43. The method of claim 39, wherein extracting relevant data units from the portions of the data sets comprises storing relevant data units in one or more registers of the embedded processors.
44. The method of claim 39, wherein executing the instruction sequences comprises executing a machine code sequence to classify the data set.
45. The method of claim 39, wherein executing the instruction sequences includes executing comparison instructions using one or more values stored in registers of the embedded processors.
46. The method of claim 39, wherein reporting the result of classifying the data sets comprises storing values in registers accessible by the interface processor.
47. The method of claim 39, wherein executing the instruction sequences to classify the data sets comprises searching the portions of the data sets for one or more data units indicative of a computer virus.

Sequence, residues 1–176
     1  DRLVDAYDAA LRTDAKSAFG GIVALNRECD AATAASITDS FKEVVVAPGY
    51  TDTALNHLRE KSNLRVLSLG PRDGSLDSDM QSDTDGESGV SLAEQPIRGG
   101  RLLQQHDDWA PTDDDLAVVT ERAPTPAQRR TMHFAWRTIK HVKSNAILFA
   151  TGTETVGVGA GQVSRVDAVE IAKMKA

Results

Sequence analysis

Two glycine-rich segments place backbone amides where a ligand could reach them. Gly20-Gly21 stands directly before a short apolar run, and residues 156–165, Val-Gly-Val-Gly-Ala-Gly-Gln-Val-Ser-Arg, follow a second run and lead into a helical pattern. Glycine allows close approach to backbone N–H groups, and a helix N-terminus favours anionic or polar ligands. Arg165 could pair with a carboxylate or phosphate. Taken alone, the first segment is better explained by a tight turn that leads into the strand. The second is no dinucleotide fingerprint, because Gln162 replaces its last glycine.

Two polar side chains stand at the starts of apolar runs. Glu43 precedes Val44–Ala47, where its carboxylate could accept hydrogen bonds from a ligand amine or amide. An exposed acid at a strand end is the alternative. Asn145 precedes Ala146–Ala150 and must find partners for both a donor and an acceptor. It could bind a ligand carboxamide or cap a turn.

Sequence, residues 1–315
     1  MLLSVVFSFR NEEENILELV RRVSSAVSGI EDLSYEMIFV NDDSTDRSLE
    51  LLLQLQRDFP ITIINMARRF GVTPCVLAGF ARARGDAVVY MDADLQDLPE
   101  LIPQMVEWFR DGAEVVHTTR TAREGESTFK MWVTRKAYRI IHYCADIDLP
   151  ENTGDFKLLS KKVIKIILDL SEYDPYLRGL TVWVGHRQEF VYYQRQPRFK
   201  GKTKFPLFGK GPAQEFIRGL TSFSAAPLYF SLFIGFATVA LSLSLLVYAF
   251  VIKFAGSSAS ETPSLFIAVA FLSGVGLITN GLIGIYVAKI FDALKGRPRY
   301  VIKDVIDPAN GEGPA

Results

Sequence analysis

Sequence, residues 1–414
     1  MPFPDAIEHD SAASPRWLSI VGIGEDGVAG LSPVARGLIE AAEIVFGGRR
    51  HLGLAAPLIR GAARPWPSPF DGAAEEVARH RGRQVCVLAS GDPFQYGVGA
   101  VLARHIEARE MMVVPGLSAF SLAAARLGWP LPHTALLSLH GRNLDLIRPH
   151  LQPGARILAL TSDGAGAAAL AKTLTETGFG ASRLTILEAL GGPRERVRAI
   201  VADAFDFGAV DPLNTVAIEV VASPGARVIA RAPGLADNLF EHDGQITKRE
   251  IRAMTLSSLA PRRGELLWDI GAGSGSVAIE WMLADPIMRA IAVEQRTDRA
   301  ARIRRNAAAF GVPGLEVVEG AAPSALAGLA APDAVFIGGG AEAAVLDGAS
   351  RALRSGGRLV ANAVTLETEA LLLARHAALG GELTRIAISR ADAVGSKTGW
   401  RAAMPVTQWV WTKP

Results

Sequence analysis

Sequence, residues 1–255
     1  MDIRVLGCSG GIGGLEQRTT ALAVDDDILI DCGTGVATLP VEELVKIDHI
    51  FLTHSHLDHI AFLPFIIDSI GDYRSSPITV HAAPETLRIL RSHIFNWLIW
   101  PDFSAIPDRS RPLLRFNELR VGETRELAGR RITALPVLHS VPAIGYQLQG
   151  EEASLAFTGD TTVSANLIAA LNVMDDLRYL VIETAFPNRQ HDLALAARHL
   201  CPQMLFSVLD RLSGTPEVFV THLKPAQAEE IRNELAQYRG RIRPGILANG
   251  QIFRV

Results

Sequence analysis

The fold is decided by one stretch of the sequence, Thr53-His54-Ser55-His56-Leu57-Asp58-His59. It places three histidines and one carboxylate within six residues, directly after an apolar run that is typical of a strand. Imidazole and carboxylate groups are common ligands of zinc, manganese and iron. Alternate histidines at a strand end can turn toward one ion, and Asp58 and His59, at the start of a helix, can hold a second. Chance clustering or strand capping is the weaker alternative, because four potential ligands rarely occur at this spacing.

48. The method of claim 39, wherein executing the instruction sequences to classify the data sets comprises searching the portions of the data sets for one or more particular data strings.
49. The method of claim 39, wherein executing the instruction sequences to classify the data sets comprises determining if the data sets originate from any of a group of prohibited sources.
50. The method of claim 39, wherein executing the instruction sequences to classify the data sets comprises providing classification of the data sets to implement private network address translation.